That’s where the Build Back Better bill is supposed to step in. The version of the $2 trillion bill that passed the House in November contains $555 billion in clean energy spending, including new tax credits for businesses that install wind, solar, geothermal, batteries and other clean energy technologies over the next decade. Buyers of electric vehicles would receive up to $12,500 in tax credits. And companies would receive financial incentives to keep open low-carbon nuclear plants in danger of closing prematurely or to capture emissions from industrial facilities and bury them underground before they can warm the planet.

“You can think of the two bills as complementary,” said Stephen Naimoli, who works on energy and climate issues at the Center for Strategic and International Studies. While the infrastructure law will help nurture the clean energy technologies of the future, the Build Back Better bill is designed to accelerate the use of technologies that are ready today, he said.

When Dr. Jenkins and his colleagues modeled the effects of the House version of the Build Back Better bill, they estimated that the United States would get most of the way to Mr. Biden’s 2030 goal, though the nation would still miss the deadline by about five years without additional action.

Wind and solar power would expand at roughly three to four times their current pace, the researchers estimated, while utilities would retire their remaining coal plants more quickly. Sales of electric vehicles would accelerate, leading to a decline in emissions from transportation. And companies would start installing carbon capture technology, burying millions of tons of carbon dioxide underground.

Dr. Jenkins cautioned that there is always some uncertainty involved in modeling. For instance, while the bill would give companies enormous financial incentive to build more wind and solar power, such projects could be hobbled by local opposition or a lack of new transmission lines. Still, most analysts agreed that the bill would amount to the single largest step ever taken by the United States to address climate change.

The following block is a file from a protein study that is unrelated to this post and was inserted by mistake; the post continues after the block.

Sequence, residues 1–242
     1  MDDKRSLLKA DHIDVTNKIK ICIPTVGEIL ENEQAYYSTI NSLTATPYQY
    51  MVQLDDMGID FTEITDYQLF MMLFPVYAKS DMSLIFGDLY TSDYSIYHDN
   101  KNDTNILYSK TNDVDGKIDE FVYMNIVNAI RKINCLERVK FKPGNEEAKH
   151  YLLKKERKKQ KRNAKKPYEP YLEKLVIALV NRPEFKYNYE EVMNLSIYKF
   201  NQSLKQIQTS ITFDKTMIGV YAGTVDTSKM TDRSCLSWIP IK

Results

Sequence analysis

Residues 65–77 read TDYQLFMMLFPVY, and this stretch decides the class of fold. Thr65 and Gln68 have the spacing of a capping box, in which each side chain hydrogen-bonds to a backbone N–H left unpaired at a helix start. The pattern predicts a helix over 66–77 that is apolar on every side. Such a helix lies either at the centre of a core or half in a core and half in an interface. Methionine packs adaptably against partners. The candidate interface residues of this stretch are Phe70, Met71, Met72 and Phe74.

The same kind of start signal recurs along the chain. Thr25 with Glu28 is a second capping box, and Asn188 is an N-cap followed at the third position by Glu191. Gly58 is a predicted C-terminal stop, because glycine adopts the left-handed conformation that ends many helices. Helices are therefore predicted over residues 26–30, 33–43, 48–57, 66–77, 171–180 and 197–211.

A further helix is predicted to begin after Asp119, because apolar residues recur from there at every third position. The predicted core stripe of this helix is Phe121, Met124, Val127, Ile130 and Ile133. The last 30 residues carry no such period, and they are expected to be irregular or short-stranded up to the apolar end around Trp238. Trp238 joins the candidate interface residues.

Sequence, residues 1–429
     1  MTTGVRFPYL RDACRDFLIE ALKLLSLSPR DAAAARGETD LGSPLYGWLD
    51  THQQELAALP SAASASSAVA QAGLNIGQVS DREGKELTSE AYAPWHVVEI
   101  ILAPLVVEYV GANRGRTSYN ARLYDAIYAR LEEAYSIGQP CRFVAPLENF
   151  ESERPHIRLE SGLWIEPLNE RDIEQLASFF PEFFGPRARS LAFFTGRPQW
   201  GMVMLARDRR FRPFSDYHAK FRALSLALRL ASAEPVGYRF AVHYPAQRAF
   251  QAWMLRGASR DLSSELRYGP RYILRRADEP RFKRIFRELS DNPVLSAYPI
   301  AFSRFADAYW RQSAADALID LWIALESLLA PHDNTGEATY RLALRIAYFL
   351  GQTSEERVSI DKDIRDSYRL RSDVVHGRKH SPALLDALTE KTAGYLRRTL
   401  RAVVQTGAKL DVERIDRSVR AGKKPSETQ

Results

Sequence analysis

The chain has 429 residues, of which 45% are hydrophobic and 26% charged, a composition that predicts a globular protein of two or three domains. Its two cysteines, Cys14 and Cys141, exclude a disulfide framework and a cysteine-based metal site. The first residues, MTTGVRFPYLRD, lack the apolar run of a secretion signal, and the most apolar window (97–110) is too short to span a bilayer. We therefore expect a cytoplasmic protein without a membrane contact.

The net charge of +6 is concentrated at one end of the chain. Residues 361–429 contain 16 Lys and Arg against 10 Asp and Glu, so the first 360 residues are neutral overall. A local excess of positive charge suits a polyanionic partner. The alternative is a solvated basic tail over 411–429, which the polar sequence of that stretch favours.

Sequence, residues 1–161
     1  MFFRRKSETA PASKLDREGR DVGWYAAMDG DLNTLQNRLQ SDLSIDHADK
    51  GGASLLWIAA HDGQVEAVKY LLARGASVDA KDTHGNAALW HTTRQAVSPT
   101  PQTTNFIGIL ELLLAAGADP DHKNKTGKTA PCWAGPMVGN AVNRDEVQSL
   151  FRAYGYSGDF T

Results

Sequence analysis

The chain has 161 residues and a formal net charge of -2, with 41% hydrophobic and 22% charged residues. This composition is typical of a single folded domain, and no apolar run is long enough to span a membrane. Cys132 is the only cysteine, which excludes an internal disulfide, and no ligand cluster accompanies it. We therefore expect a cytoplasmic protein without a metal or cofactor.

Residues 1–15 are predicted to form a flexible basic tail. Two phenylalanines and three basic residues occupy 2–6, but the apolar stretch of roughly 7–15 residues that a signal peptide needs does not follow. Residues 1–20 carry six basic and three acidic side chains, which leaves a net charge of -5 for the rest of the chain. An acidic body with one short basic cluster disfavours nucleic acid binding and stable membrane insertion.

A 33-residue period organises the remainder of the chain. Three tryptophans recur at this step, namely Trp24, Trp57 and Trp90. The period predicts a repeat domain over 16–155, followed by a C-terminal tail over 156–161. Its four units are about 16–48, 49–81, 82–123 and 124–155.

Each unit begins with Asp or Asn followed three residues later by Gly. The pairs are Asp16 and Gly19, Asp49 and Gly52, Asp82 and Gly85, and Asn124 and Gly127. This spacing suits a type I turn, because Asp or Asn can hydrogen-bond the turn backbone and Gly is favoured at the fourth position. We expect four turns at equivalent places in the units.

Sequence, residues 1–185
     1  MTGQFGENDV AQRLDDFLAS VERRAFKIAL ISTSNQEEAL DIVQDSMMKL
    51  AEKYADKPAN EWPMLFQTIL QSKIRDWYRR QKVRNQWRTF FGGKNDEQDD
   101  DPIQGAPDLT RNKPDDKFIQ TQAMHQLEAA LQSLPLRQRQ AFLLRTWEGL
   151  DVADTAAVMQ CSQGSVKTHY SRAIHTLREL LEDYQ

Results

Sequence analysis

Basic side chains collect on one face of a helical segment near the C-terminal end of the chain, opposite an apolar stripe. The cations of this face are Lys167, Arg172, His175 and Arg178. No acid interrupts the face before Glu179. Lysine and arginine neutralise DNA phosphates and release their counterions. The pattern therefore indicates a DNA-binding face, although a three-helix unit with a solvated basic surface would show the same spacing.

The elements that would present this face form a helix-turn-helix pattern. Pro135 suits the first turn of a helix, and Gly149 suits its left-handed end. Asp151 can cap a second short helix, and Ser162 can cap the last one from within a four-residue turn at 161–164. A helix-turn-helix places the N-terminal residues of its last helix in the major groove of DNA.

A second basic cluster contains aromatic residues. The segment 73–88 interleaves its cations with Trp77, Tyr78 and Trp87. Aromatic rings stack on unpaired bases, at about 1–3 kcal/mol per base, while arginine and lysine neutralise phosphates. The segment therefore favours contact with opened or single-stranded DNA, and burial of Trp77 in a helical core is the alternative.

The big question, then, is whether the Senate will pass the bill, or make major changes. And that largely hinges on Mr. Manchin. With every Republican opposed to the bill in the evenly divided Senate, Democratic leaders need his vote to move the legislation forward.

Mr. Manchin, whose home state of West Virginia is a top producer of coal and natural gas, could seek further changes to the climate provisions in the House bill even if he does decide to sign on. For instance, he has objected to a fee on oil and gas producers that emit methane, a potent greenhouse gas. He has criticized the tax credits for electric vehicles, which he said should not be available to higher-income families. And he has said the House-passed bill would jeopardize the reliability of the electricity grid while increasing dependence on foreign supply chains.

If the climate bill dies altogether, the Biden administration will have fewer options for cutting emissions. The Environmental Protection Agency is working on regulations to reduce pollution from power plants, cars and trucks, but those efforts could face court challenges or be overturned by a new administration. And, while some states like California and New York continue to move forward with their own climate policies, those only cover a fraction of the country.

“Ultimately, we need to more than double the pace of emissions cuts this decade,” Dr. Jenkins said. “It’s an enormous lift, and you really need a national policy in place to do that.”